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A life insurance policy doesn’t have to be for the rest of your life.

For a variety of reasons, you may choose to buy coverage for a limited period of time, with comparatively low premiums. Term life insurance has no savings or investment components and doesn’t accumulate cash value over time.

If you decide that a term life policy is the best option for you, be sure to do your homework before you sign on the dotted line.’s life insurance basics article offers an overview of life product choices. Here are five questions to ask when considering a term life policy:

Questions to ask about term life insurance1. Is the insurance company stable?

The whole point of buying life insurance is to make sure your family is taken care of when you’re gone, so make sure your insurer has more staying power than you do.

Most life insurance companies are in excellent financial health, but you should still check out their rating before you purchase a policy. Look at the company’s rating from A.M. Best, Fitch Ratings, Moody’s Investors Services and Standard & Poor’s to get a clear picture of its financial stability. offers free insurance company ratings from Standard & Poor’s.

2. Does it allow you to convert the policy?

Assuming you outlive your term life policy, your life insurance needs might not evaporate when the term is up. That’s why it’s crucial to know exactly what sort of options you have for converting to a permanent type of policy near the end of the term, without needing another medical exam.

“Convertible life insurance policies allow you to switch from term life over to a permanent policy at any point,” says Heidi Moore, an insurance broker at Country Financial. “Convertible life insurance is a valuable tool if you have health problems and can no longer qualify for a new policy without taking a medical exam.”

Be sure to read the fine print on the conversion option, however.

There may be limitations in terms of when you are able to convert and how close to the end of the contract you can exercise that option, says Moore. You might also lose some of the options and endorsements you could have gotten if you purchased a permanent policy from the start.”

3. Are you getting the advertised rate?

One of the best reasons to buy term life coverage is to take advantage of the low rates that come with good health at a relatively young age. But even if you’re relatively healthy for your age, the rates promoted in ads may be based on an applicant with exceptional health.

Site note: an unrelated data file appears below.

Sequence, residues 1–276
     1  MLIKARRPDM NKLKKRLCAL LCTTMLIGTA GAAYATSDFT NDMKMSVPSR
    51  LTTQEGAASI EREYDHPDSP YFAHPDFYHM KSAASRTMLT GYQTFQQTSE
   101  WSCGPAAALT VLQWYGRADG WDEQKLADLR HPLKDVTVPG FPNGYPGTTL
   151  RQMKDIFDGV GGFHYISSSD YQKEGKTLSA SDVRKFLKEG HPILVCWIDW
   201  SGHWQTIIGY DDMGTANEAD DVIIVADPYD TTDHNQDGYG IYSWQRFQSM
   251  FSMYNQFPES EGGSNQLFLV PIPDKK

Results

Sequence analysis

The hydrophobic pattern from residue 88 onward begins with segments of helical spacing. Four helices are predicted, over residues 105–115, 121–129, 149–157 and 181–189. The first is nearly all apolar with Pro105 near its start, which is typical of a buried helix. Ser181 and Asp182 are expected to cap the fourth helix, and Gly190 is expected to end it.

Most life insurance companies advertise the lowest potential price, which is usually the super-preferred rate. And ultimately, the average person doesn’t typically qualify for this rate class. The only way to find out how much you will pay for life insurance is to get a personalized quote.

Here’s more on life insurance underwriting categories.



See more >

4. Exactly how much income are you replacing?

Consider what your family’s income needs will be over the course of your term life insurance policy.  

You should look at your ongoing expenses, like mortgage, rent or childcare. Estimate the total income that needs to be replaced to meet your family’s needs. This includes immediate expenses like medical bills, plus long-term goals like saving for college.

Also, keep in mind that death benefits don’t go as far as they used to. That’s because interest rates on savings and investments, which your survivors may use to turn insurance benefits into income, have fallen in recent years.

Lastly, make sure to choose a term length that matches your long-term income outlook. For example, if you’re planning to work 20 more years and you can leverage retirement benefits and Social Security, then maybe a 20-year term is sufficient.

If you don’t have those funds to tap into during retirement, you might choose a longer-term length, or go for a permanent life insurance policy that offers lifetime protection.

“There are so many scenarios and each one is different. It’s why we sit down with clients and ask them what their ultimate goal is for their life insurance plan,” says Moore.

5. What other benefits do you want?

If you want more protection than what your basic policy offers, you might think about adding riders to your life insurance policy.

For example, some insurers offer a “disability waiver of premium” option that will pay your premiums if you get sick or become disabled. Some term life products offer a “return of premium” option that allows you to get your premium expenditure back at the end of the term.

Adding riders to a life insurance policy will raise your premium. Make sure to choose riders that you might realistically need and use. Otherwise, you could end up paying too much for your coverage.

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